COVID-19: New Jersey Provides Legal Immunity to Healthcare Workers from Malpractice Lawsuits
In a move that was praised by the state’s healthcare workers, Gov. Phil Murphy signed an executive order granting medical professionals legal protection from medical malpractice lawsuits during the COVID-19 pandemic.
As many hospitals in Morristown and across the state are still overwhelmed by an influx of coronavirus patients, providing legal immunity to healthcare workers is intended to encourage more doctors, nurses, and other medical professionals to volunteer their time and help the state battle the coronavirus pandemic.
Healthcare Workers Enjoy Legal Immunity from Coronavirus Malpractice Lawsuits
Announcing the executive order, Murphy said healthcare professionals “will be immune from civil liabilities for action taken in good faith.” Later, the state government revised the executive order to address questions from the public about whether healthcare workers and hospitals could not be sued for medical malpractice for their actions during the pandemic.
The original version of the order did not eliminate the possibility of a malpractice lawsuit against a medical professional or facility during the coronavirus pandemic. However, the revised version provided unqualified immunity to healthcare providers across New Jersey.
Murphy’s order provided protections to hospitals, doctors, nurses, and other healthcare workers from liability for some cases that may cause patient injury or even death.
No Protection from Medical Malpractice Suits in ‘Gross Negligence’ Cases
However, the order does not protect healthcare providers from lawsuits based on “gross negligence,” though the standard in such cases was elevated to a significant deviation from the accepted standards of care.
In other words, as a coronavirus patient who was harmed by a medical professional during the pandemic, you will have to prove that your injury, illness, medical condition, or your loved one’s wrongful death was a direct result of gross negligence on the part of a healthcare provider.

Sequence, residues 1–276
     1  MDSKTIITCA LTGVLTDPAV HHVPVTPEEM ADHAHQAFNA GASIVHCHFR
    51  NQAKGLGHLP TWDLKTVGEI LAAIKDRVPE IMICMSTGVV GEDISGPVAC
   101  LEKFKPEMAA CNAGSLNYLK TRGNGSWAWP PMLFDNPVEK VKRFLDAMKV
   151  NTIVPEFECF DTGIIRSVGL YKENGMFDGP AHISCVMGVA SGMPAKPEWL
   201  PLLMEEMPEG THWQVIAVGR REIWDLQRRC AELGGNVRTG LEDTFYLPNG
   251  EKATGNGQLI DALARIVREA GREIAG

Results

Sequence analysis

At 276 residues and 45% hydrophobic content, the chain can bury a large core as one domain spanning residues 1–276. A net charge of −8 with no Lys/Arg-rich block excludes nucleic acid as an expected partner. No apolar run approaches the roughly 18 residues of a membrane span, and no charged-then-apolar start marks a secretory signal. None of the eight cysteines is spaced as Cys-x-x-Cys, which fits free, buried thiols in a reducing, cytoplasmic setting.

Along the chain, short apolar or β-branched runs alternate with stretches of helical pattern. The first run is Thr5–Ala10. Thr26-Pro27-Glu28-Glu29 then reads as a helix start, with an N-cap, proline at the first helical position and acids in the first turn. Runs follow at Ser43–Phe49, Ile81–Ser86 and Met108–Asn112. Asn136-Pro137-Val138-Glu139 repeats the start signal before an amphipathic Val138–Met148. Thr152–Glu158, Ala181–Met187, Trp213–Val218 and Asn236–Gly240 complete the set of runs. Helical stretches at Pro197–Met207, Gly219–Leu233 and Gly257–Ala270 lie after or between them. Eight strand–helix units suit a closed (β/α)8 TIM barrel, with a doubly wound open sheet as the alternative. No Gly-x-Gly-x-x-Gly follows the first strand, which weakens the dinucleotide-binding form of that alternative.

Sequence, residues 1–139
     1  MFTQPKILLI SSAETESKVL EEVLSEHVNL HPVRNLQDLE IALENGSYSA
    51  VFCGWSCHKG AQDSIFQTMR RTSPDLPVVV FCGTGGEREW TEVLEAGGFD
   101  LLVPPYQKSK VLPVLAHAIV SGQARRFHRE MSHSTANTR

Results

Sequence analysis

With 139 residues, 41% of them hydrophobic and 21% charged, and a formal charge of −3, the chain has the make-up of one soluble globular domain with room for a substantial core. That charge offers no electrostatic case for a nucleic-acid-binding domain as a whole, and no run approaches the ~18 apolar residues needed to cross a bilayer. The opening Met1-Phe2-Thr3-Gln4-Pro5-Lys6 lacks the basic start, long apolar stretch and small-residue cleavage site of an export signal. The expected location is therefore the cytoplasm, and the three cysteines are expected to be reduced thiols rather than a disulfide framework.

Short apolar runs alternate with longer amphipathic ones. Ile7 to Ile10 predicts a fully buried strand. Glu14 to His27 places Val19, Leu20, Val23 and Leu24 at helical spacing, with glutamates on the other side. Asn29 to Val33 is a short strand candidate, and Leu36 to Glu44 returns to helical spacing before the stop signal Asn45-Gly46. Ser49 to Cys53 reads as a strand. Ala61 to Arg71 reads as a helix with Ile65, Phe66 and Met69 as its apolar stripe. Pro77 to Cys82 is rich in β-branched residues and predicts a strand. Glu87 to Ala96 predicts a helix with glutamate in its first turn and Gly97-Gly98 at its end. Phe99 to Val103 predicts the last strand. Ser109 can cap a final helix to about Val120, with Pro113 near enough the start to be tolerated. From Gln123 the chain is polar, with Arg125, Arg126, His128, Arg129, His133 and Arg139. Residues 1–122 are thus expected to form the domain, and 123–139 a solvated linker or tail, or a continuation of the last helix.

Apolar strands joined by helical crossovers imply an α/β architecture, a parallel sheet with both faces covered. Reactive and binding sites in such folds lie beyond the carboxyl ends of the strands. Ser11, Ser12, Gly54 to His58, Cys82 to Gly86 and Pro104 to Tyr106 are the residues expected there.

Unlike the standard negligence theory in medical malpractice cases, gross negligence means that the defendant foreseeably knew or should have known that their negligent actions or behavior may result in harm.
Also, Murphy’s order waives “scope of practice” requirements for physician assistants and advance practice nurses, granting them greater autonomy. Previously, state regulations required these medical professionals to be supervised by physicians. However, the waiver gives them the authority to prescribe controlled substances “when appropriate,” among other things.
The order also authorizes state authorities to temporarily reactivate the licenses of healthcare workers who have retired within the last five years, as well as to grant temporary licenses to certain medical professionals from foreign countries.
COVID-19 Malpractice and PREP Act
Previously, the U.S. government provided liability immunity for qualified persons and entities against lawsuits involving personal injury and death caused by medical countermeasures against COVID-19. The liability immunity covers:
- Products manufactured and distributed;
- Medical services administered; and
- Medical countermeasures taken to diagnose or treat coronavirus patients.
Such liability immunity, which is authorized by the Public Readiness and Emergency Preparedness Act (PREP Act), covers licensed health professionals and other persons authorized to prescribe, administer, or distribute covered COVID-19 countermeasures.
If you are unsure how Murphy’s order and the PREP Act might affect your potential malpractice claim during the coronavirus pandemic, talk to our Morristown medical malpractice attorney at the Law Offices of Michael P. Burakoff, P.A. Schedule a telephone or videoconference consultation by calling at 973-455-1567.